Champlain Housing Trust in talks to buy Winooski’s O’Brien Community Center

Underused and in need of love, the O’Brien Community Center could soon have new owners.

Winooski officials are looking to sell the long-standing community hub on Malletts Bay Avenue to the Champlain Housing Trust.

The center has housed health services and various nonprofits for more than 15 years, but has been operating at a deficit, said Ray Coffey, director of community services for the city.

Several programs rent space in the O’Brien Center, but approximately 5,000 of the building’s 28,000 square feet are vacant, including the community kitchen. The center’s expenses for the current fiscal year are approximately $300,000. Revenue only partially covers those costs, so the city plans to use reserve funds to cover a shortfall of nearly $90,000, according to Coffey.

Cities, in general, aren’t big landlords, and Winooski officials haven’t been able to track maintenance of large facilities and rental spaces, City Manager Elaine Wang said.

“The hope is that it would be better managed and could even accommodate new tenants,” Wang said. “Our hope for the future is that it continues to be a community gathering place with community services and is better realized.

They aim to get a deal signed this fiscal year, according to Wang.

Coffey said the center is in a “period of transition following the termination of its lease with North End Studios, whose co-founder has been accused of sexual misconduct.” If we can find a potential buyer who wants to maintain the setting up as a community center in the spirit of what the facility was originally envisioned – which was sort of a resource center for the town – I think that could really be a fantastic opportunity.

Built in 1936 and owned and operated by the city since 2007, the center currently houses the Winooski Public Library and Community Services Department as well as several nonprofit programs and organizations.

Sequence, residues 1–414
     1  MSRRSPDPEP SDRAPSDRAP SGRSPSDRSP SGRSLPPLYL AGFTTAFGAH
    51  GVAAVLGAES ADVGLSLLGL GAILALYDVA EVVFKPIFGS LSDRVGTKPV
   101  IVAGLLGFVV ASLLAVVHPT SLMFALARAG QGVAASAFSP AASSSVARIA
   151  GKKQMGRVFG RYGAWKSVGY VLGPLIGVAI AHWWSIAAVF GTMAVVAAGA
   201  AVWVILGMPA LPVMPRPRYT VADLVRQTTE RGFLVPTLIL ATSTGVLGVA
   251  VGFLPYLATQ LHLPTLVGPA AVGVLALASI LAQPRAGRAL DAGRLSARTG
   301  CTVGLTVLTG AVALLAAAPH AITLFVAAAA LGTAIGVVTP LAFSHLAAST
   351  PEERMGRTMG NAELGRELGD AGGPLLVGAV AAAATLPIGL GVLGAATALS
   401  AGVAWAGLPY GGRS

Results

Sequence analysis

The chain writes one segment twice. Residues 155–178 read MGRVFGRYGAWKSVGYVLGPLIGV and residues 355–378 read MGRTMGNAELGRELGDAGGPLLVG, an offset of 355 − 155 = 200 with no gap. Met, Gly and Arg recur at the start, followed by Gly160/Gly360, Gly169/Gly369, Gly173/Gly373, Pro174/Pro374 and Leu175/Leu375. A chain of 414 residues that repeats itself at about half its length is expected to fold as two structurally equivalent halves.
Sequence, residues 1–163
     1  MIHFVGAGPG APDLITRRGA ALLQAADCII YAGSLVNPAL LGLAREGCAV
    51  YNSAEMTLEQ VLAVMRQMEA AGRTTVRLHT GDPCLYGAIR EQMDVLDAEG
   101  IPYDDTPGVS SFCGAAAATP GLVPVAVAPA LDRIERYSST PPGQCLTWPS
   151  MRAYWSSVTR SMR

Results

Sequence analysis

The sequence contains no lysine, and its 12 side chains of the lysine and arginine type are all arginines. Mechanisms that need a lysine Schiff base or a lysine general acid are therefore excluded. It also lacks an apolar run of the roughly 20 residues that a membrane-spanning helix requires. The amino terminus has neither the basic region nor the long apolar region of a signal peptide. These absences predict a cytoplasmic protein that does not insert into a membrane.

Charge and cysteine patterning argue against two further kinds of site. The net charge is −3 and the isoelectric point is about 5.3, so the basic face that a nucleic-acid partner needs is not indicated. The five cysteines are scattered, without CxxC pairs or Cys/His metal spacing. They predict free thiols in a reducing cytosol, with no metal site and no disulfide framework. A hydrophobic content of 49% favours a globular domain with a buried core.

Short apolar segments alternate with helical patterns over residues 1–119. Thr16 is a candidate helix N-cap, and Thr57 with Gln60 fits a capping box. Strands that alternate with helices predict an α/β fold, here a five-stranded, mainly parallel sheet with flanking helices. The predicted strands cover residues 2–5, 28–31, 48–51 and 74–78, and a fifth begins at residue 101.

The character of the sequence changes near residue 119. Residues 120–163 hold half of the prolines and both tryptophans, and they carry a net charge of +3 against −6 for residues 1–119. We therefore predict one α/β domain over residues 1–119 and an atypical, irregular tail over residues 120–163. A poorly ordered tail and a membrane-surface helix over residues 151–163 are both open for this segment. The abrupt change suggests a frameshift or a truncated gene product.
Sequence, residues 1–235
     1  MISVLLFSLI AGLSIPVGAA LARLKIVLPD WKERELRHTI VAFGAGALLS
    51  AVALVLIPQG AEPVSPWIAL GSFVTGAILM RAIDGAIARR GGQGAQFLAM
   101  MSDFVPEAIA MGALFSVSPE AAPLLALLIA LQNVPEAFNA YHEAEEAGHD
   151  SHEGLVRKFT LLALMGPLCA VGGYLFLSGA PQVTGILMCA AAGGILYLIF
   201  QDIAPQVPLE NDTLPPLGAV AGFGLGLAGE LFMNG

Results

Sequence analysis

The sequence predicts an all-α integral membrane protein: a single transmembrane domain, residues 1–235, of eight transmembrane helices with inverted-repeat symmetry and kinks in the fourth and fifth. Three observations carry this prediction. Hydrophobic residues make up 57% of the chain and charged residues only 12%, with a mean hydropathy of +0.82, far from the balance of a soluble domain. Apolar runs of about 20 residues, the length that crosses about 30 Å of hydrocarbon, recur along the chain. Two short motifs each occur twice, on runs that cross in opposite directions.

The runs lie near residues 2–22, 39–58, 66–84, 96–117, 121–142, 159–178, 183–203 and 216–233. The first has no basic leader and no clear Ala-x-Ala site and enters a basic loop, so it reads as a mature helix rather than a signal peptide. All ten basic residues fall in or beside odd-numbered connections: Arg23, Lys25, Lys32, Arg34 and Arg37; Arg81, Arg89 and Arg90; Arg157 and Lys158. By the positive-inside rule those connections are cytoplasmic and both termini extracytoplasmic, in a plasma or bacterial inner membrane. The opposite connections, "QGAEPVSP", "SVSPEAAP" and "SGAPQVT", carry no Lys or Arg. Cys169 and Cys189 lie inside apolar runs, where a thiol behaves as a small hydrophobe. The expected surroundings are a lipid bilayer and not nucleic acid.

Burlington Community Health Centers is the anchor tenant with Vermont Works for Women an initial tenant. The center is also home to an aquatic therapy program operated by the University of Vermont Medical Center; a parent-child interaction therapy program run by the Howard Center; substance abuse services run by Winooski Partnership for Prevention and non-profit dental services by Vermont Dental Care.

“When the building is full and busy, I think it’s a huge and important resource for the community,” Coffey said. “Especially for a lot of our newly settled residents, it’s really convenient to have everything sort of in one place.”

Michael Monte, chief executive of the Champlain Housing Trust, said he expects current tenants to continue operating there. He envisions trust by upgrading the building, improving services and renting out unused space. Monte cited the Old North End Community Center in Burlington, started by CHT in a former school building about five years ago, as a comparable venture.

“I think the focus will really be on more community services and improving the (building) as a community center,” he said.

Champlain Housing Trust recently completed a project next to the O’Brien Community Center that includes 20 permanently affordable homes selling for between $143,000 and $185,000, about half the market price.

The project, built on city-owned property, has sparked discussions about the future of the community center, Monte said.

“It was really the town of Winooski that determined that we did well as a nonprofit partner, could we take it all on?” he said. “This discussion has been going on for the past six to nine months and we’ve been working on various details that need to be thought through.”

The financing and timing of the sale remain under discussion. “The plans have to make sense for the city, and then we have to agree on the prices,” Wang said.

“I think the idea of ​​this building at its center is really wonderful for the community. I just hope we can stabilize it to a point where it works really well for the people who live here,” Coffey said.

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